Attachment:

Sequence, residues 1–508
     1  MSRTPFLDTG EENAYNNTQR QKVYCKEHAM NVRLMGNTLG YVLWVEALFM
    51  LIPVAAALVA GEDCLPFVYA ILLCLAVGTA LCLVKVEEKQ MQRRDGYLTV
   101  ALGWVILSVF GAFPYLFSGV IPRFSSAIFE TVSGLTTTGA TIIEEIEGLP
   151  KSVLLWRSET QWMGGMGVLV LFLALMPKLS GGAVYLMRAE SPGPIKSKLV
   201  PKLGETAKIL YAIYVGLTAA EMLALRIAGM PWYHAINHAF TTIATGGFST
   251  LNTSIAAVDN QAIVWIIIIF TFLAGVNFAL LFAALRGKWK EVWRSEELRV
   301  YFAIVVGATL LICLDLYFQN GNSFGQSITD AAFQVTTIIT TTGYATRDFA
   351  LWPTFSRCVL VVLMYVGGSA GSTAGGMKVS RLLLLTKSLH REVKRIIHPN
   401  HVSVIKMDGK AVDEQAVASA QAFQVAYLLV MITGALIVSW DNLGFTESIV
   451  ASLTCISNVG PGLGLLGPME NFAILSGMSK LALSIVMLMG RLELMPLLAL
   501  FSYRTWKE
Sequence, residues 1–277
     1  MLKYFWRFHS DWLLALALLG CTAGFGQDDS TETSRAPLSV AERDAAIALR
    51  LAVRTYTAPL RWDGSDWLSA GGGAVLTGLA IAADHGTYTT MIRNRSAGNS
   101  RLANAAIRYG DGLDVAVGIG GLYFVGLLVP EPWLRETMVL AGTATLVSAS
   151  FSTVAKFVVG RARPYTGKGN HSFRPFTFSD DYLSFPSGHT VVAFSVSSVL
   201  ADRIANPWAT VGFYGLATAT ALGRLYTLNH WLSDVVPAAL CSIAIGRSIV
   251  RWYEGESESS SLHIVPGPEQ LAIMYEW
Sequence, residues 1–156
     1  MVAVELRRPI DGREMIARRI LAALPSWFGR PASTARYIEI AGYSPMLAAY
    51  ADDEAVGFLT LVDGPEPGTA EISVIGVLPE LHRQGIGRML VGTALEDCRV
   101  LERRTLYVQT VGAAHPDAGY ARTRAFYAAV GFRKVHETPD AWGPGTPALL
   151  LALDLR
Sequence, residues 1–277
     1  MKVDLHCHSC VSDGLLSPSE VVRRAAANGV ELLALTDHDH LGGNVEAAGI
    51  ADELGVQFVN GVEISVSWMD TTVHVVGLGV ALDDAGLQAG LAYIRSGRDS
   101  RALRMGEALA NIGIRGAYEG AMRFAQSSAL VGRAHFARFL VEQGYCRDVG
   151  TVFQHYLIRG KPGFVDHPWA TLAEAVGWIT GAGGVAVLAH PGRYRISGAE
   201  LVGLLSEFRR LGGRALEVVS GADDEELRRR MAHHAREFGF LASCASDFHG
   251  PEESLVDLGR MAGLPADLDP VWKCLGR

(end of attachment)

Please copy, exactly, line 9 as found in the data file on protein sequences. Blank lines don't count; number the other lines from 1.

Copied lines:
   351  LWPTFSRCVL VVLMYVGGSA GSTAGGMKVS RLLLLTKSLH REVKRIIHPN